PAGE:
Elona is a post-doctoral research fellow at the AIDS and Society Research Unit, University of Cape Town and a Research Associate at the Department of Social Policy and Intervention, University of Oxford. She was born in Albania, but has spent most of her life practicing legal migration in the United Kingdom, United States, South East Asia, and since 2012, South Africa. She completed her undergraduate studies at Princeton University at the Woodrow Wilson School for Public and International Affairs. Prior to returning to academia in 2011, Elona worked on HIV prevention programmes among most vulnerable populations: men who have sex with men, female sex workers, people who inject drugs, and migrant workers.
Elona is passionate about how we can learn from “best” and “worst” practices across programmes through rigorous evaluation. Her favourite questions are “how?” and “so what?” For over a decade, Elona worked for bilateral donor programmes: USAID and CIDA, and NGOs such as Population Services International (PSI), Care International and the Mothers’ Programme in a variety of development projects. In 2013-2014, she was the Monitoring & Evaluation Advisor for the Paediatric AIDS Treatment for Africa (PATA), a South African based NGO supporting healthcare provider teams in more than 20 countries in sub-Saharan Africa. She is a technical advisor for several UN agencies and adolescent-focused research studies.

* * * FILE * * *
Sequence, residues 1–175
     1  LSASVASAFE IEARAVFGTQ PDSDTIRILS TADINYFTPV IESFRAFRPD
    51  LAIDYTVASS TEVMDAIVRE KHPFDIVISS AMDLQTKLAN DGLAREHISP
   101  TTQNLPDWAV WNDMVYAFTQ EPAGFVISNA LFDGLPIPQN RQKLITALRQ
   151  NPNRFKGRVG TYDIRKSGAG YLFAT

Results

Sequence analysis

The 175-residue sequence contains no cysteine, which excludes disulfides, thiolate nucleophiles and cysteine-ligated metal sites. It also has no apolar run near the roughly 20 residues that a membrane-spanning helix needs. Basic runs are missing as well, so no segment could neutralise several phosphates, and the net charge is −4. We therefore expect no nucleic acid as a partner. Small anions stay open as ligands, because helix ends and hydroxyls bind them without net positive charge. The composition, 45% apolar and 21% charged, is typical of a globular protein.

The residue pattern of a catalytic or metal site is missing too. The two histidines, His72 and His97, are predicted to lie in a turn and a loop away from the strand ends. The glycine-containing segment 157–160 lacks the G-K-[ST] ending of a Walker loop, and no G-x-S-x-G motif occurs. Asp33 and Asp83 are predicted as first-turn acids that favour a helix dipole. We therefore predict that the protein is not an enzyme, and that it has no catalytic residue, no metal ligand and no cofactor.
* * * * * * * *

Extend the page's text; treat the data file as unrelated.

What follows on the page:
Since 2011, her research has focused on adolescent pregnancy in South Africa and most recently, in the sexual and reproductive health practices and needs of adolescents on long-term medication, particularly antiretroviral treatment. She spent most of 2013-2014 in the Eastern Cape province in South Africa, setting up and coordinating the baseline of a longitudinal survey of Mzantsi Wakho.
Elona works closely with a wonderful team of researchers which include colleagues at the Universities of Cape Town and Oxford, Curtin University in Australia, University College London, University of Fort Hare and healthcare providers and fieldwork staff in the Eastern Cape. When not coordinating fieldwork in rural and urban Eastern Cape, Elona enjoys helping her fellow research team members facilitate workshops on health issues with adolescents and youth, usually with a three-year old in tow.